1 Rear-Admiral Rear Admiral command Flag RN from 1864.png Richard Lorne Shelley 22 November 1944 – July 1945.[13]
Commodore East Africa
Commodore East Africa
Rank Flag Name Term
1 Commodore 2nd Class Commodore 2nd class command flag RN from 1864.png Philip Weyland Bowyer-Smyth 25 November 1944 – July 1945.[14]

This officer was ashore at Royal Naval Air Station Kilindini, Mombassa (HMS Kipanga).[15]

Commodore, Naval Air Stations, East Africa (1944-1945)
Commodore, Naval Air Stations, East Africa
Rank Flag Name Term
1 Rear-Admiral Commodore 2nd class command flag RN from 1864.png Frank Elliott (retd) 22 November 1944 – 16 February, 1945.

Naval HQ Trincomalee (British Ceylon)

This officer was ashore at Trincomalee Naval Base, (HMS Highflyer).[16]

Commodore-in-Charge, Trincomalee

Commodore-in-Charge, Trincomalee
Rank Flag Name Term
1 Commodore 2nd Class Commodore 2nd class command flag RN from 1864.png Francis Cyril Flynn 15 March, 1945 – July, 1945.

Commodore-Superintendent, Ceylon

This officer was ashore at Trincomalee Dockyard, (HMS Highflyer).[17]

Commodore-Superintendent, Ceylon
Rank Flag Name Term
1 Commodore 2nd Class Commodore 2nd class command flag RN from 1864.png George William Taylor 15 January, 1944 – 8 February, 1946.[18]

Sea Going Commanders

These officers were commanding afloat.[19]

Second-in-Command, East Indies Fleet (1945)

Second-in-Command, East Indies Fleet
Rank Flag Name Term
1 Vice-Admiral Vice Admiral command Flag RN from 1864.png Sir Harold Thomas Coulthard Walker 4 December, 1944 – 18 November 1945.

Vice-Admiral Commanding, 3rd Battle Squadron (1944-1945)

Vice-Admiral Commanding, 3rd Battle Squadron
Rank Flag Name Term
1 Vice-Admiral Vice Admiral command Flag RN from 1864.png Sir Harold Thomas Coulthard Walker 4 December, 1944 – 18 November 1945.

Commodore, Escort Carriers (Jan-Feb 1945)

Commodore, Escort Carriers
Rank Flag Name Term
1 Commodore 2nd Class Commodore 2nd class command flag RN from 1864.png Geoffrey Nigel Oliver 1 January, 1945 – 22 February, 1945.

Rear-Admiral Commanding, 21st Aircraft Carrier Squadron (Feb-Jul 1945)

Rear-Admiral Commanding, 21st Aircraft Carrier Squadron
Rank Flag Name Term
1 Rear-Admiral Rear Admiral command Flag RN from 1864.png Geoffrey Nigel Oliver 22 February, 1945 – July 1945.

Rear-Admiral Commanding, 5th Cruiser Squadron (1945-1946)

Rear-Admiral Commanding, 5th Cruiser Squadron
Rank Flag Name Term
1 Rear-Admiral Rear Admiral command Flag RN from 1864.png Harold T.C. Walker 22 November, 1944 – 4 December, 1944.
2 Rear-Admiral Rear Admiral command Flag RN from 1864.png Arthur Duncan Read January, 1945 – March, 1945.
3 Rear-Admiral Rear Admiral command Flag RN from 1864.png Wilfrid Rupert Patterson March, 1945 – April, 1946.[20]

Flag Officer Commanding, Force 61 (Jan-Mar 1945)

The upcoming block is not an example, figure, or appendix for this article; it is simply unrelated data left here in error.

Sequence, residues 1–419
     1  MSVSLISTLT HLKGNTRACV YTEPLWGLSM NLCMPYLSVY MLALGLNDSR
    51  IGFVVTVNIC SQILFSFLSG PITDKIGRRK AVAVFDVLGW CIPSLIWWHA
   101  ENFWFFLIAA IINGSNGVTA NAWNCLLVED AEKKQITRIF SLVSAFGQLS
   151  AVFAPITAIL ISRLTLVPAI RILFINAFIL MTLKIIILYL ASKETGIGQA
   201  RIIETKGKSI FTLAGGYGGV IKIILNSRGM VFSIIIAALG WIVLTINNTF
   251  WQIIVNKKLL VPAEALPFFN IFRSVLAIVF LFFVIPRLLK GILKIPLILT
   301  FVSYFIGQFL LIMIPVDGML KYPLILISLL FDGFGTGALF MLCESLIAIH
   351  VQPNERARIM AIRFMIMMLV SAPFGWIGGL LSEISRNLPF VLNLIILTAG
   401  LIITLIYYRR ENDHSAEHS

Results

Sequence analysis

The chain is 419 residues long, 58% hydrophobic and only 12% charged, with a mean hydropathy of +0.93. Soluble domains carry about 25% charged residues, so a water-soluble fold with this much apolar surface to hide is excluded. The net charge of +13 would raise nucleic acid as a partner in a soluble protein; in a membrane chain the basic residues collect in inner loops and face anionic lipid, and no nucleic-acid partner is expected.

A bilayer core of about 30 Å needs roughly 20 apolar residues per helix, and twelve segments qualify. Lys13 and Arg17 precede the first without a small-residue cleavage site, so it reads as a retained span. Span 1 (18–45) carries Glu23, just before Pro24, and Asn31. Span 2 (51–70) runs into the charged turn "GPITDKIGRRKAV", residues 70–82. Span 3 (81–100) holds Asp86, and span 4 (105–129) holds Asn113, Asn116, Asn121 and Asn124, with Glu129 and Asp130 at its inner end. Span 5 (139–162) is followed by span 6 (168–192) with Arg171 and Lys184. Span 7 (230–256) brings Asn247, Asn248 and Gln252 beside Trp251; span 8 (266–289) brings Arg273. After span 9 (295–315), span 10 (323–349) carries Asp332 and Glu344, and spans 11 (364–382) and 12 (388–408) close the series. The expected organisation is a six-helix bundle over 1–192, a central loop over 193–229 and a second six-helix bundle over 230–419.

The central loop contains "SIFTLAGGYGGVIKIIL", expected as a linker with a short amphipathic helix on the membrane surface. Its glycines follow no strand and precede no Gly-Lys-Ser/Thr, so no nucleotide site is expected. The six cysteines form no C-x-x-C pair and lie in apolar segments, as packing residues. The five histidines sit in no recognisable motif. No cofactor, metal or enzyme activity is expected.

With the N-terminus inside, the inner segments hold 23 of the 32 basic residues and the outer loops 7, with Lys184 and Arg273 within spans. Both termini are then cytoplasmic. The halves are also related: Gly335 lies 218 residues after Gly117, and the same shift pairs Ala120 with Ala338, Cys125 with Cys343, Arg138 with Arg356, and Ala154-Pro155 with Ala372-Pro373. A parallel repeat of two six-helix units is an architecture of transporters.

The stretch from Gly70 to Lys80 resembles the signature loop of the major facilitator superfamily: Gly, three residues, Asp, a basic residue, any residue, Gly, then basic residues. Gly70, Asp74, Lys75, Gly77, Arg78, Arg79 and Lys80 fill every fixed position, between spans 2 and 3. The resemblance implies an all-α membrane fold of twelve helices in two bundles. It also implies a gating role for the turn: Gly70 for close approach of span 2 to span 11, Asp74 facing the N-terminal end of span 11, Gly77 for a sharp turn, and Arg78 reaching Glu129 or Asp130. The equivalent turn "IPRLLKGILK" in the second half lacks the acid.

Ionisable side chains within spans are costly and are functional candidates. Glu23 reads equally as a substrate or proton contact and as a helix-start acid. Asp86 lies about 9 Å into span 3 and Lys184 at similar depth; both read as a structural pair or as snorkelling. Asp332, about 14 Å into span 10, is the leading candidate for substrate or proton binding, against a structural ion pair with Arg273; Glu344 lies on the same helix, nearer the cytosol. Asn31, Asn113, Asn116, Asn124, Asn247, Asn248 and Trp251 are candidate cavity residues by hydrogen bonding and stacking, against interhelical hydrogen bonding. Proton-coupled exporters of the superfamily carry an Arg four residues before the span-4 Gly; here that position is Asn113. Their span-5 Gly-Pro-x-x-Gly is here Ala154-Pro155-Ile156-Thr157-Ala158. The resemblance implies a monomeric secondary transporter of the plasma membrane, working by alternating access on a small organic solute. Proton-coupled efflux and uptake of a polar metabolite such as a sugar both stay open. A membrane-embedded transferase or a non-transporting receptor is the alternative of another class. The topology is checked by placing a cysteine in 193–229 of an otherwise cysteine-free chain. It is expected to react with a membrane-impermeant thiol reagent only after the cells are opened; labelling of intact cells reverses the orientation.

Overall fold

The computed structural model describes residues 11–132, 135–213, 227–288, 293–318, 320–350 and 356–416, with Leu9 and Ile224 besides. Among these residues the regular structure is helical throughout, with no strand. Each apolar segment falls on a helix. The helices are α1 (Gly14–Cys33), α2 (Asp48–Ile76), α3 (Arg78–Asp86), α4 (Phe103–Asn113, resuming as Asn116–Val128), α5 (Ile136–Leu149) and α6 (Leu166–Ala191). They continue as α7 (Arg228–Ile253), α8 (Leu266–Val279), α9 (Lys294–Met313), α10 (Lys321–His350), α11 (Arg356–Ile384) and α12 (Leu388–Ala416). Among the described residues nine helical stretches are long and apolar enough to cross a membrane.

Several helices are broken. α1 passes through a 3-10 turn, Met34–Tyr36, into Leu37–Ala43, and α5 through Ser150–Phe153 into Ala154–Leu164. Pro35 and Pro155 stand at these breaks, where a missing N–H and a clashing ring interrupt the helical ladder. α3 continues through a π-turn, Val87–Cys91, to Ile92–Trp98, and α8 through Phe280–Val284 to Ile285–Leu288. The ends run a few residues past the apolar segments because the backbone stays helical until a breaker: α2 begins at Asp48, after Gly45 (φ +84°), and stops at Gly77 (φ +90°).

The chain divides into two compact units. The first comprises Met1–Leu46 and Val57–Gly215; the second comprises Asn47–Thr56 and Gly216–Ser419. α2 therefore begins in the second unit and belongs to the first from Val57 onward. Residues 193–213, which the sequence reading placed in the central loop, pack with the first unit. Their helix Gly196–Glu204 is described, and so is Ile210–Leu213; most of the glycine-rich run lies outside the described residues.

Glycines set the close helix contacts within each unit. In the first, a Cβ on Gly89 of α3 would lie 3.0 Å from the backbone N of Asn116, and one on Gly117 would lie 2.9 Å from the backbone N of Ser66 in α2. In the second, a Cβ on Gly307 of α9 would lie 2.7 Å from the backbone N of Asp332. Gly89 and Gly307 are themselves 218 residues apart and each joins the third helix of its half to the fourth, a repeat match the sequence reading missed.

Flag Officer Commanding, Force 61
Rank Flag Name Term
1 Rear-Admiral Rear Admiral command Flag RN from 1864.png Arthur Duncan Read January, 1945 – March, 1945.[21]

Flag Officer Commanding, Force W (Jan-Feb 1945)

Flag Officer Commanding, Force W
Rank Flag Name Term
1 Rear-Admiral Rear Admiral command Flag RN from 1864.png Benjamin Charles Stanley Martin January, 1945 – 24 February, 1945.[22]

Commodore (D) East Indies Fleet (1944-1946)

Commodore (D) East Indies Fleet
Rank Flag Name Term
1 Commodore 2nd Class Commodore 2nd class command flag RN from 1864.png Albert Lawrence Poland 22 November, 1944 – 28 February, 1946.[23]

Components under this Command

At various times it encompassed naval formations and other ships not attached to other fleets. In addition to shore establishments including, barracks, dockyards, depots, hospitals, refitting and re-supply bases, naval bases or victualling yards that were either Royal Navy or a supporting Commonwealth Navy. Those components that were part of this station are shown below.

Naval Units and Formations by Date

East Indies Fleet
Formations/Units 5 January 1945[24] 4 May 1945[25] 8 May 1945[26]
3rd Battle Squadron
3
3
2
21st Aircraft Carrier Squadron
0
9
11
Escort Carriers
4
0
0
5th Cruiser Squadron
9
11
10
7th Destroyer Flotilla
4
0
0
10th Destroyer Flotilla
4
2
4
11th Destroyer Flotilla
8
8
8
18th Destroyer Flotilla
8
0
0
24th Destroyer Flotilla
8
0
20
26th Destroyer Flotilla
8
6
6
59th Destroyer Division
4
0
0
2nd Submarine Flotilla
13
22
14
4th Submarine Flotilla
18
7
13
6th Minesweeping Flotilla
4
8
13
7th Minesweeping Flotilla
4
10
13
122nd Motor Minesweeping Flotilla
0
0
8
152nd British Yard Minesweeping Flotilla
0
0
7
160th British Yard Minesweeping Flotilla
0
0
8
East Indies Fleet Escort Force
0
0
12
77th Escort Group
0
0
4
A/S Training Submarines
0
0
6
Corvettes
4
18
17
Cutters
0
0
7
Fighter Direction Ships
0
0
6
Frigates
0
20
11
Fleet Repair Ships
2
2
2
Major Landing Ships
8
11
11
Royal Indian Navy, Mineweepers
7
19
14
Total Ships
120
156
234


Special Naval Units and Formations by Date

Formation/Units Date/s Notes/Ref
Force 61 1944-1945 [27]
Force 62 ditto [28]
Force 65 ditto [29]
Force 68 ditto [30]
Force 69 ditto [31]
Force 70 ditto [32]
Force W ditto [33]
Aden Escort Force ditto [34]
Burma Escort Force ditto [35]
Burma Coast Escort Force ditto [36]
Kilindini Escort Force ditto [37]

Naval Shore Establishments

The East Indies Fleet was supported by various Royal Navy and Royal Indian Navy shore establishments.[38]

Naval Bases and Ports

# Name Date/s Notes/Ref
1. Aden 1944-1946 [39]
2. Akyab 1944-1946 [40]
3. Addu Atoll 1944-1946 [41]
4. Bombay 1944-1946 [42]
5. Colombo 1944-1946 [43]
6. Diego Suarez 1944-1946 [44]
7. Karachi 1944-1946 [45]
8. Kilindini, Mombassa 1944-1946 [46]
9. Mandapam 1944-1946 [47]